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On-Demand Webinar: MCAT Prep
Join The Princeton Review for an MCAT (Medical College Admission Test) Strategy Session and learn to understand the MCAT and strategies that can improve your chances of getting in by up to 300%! Featuring Shaun Cricks, a former standardized course and test author, teacher of the MCAT CARS Section for 10 years, Tutoring Director and current Outreach Specialist for Central Florida, Puerto Rico and the USVI.
How to Prepare for the MCAT
According to a national survey, more than 90 percent of medical students who took the MCAT have taken it more than once. If you’re a pre-med student thinking about medical school, you are probably aware of how difficult the test can be, and how necessary it is for your future. It doesn’t need to be scary though. Use these helpful tips, provided by the Princeton Review, to help you achieve your place in the 10 percent than only need to take the MCAT once.
WHAT IS THE MCAT?
The MCAT is the Medical College Admissions Test, and it is one of the few tests made with the express purpose of getting you into one type of program. Unlike other exams, like the GRE, which you would take for a number of fields, the only reason you sit for the MCAT is because you intend on entering medical school.
The MCAT is administered by the AAMC. One of the first things you should do before thinking about the MCAT is register with the AAMC, to ensure you do not miss important updates and test dates. There are usually only a couple of dates available each month, and spots fill up quickly, so be sure to register when you can. That being said, you are only able to sign up for one test at a time, three times a year, four times in two years, and seven times overall.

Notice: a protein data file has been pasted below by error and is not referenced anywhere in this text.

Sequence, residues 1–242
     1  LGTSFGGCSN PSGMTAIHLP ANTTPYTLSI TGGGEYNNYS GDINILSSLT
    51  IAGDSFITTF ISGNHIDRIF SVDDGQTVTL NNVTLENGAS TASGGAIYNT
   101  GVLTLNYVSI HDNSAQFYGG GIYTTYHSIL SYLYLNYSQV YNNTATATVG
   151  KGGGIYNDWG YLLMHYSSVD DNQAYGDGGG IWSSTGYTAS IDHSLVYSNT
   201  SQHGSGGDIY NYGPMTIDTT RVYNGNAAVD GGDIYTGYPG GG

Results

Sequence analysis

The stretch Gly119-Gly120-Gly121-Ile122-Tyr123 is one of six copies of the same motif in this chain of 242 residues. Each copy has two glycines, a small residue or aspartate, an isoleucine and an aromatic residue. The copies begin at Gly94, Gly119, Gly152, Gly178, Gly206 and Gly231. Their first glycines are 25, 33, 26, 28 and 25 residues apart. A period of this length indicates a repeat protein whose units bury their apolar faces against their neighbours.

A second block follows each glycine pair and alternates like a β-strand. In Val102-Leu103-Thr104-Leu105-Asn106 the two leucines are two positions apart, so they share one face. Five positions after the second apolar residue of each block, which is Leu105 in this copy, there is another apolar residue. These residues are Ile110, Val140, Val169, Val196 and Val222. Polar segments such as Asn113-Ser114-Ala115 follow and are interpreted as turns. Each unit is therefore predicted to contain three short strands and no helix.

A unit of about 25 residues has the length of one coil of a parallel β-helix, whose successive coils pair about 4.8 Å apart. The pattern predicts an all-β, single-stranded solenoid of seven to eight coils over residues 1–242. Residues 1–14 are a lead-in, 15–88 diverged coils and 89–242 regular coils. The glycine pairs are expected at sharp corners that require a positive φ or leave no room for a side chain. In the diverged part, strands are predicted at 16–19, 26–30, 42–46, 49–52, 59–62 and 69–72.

WHAT IS THE MCAT LIKE?
The MCAT is broken up into 4 sections, between 90 and 95 minutes in length, with about 59 questions per section. The sections are:
- Biological and Biochemical Foundations of Living Systems
- Chemical and Physical Foundations of Biological Systems
- Psychological, Social, and Biological Foundations of Behavior
- Critical Analysis and Reasoning Skills
The majority of the test is multiple choice, but it is important to not treat the exam like trivia about college-level science. The AAMC is looking for you to show knowledge of specific concepts and principles, so scientific reasoning and inquiry skills are essential if you want to succeed. Similarly, the AAMC wants students to demonstrate an understanding of reasoning about the design and execution of research. You could be provided with a detailed explanation of the scientific research, but your task is to spot the flaws in it. Then there is the database and statistical reasoning portion, where you need to understand how to analyze subjects with graphs and statistics, so pay attention to those classes.
You can't walk into the MCAT thinking you're going to do well by knowing biology and physics, and having your notes memorized from class. You will be required to demonstrate very specific, scientific knowledge in a very specific manner, a standardized manner.
Before the test, it is a great idea to take as many practice tests as you can. Try to use a quiet and secluded spot, to recreate the testing environment. That way you won’t be stressed or anxious when it comes time to take the real thing.
DAY OF THE TEST
- Make sure you arrive at least a half-hour before the test begins: It is harder to get into the MCAT than it is to get on an airplane, so expect metal detectors, expect fingerprint verification, expect to have your pockets empty, etc.
- Outsmart the exam: Since the exam is multiple choice, you don’t actually need think of the correct answer-- you just need to find it. And while you cannot jump between sections, you can jump around within the sections themselves. If you get stuck, skip it, and maybe the answer will be in another question.
- Make sure you have all the bases covered: Some may wonder why there are sections of the MCAT on areas of education you’re not likely to come across in the world of medicine, such as physics. This is how the AAMC tests your basic science skills, but also how you go about solving these kinds of problems, so be sure to brush up on your basic science and math skills.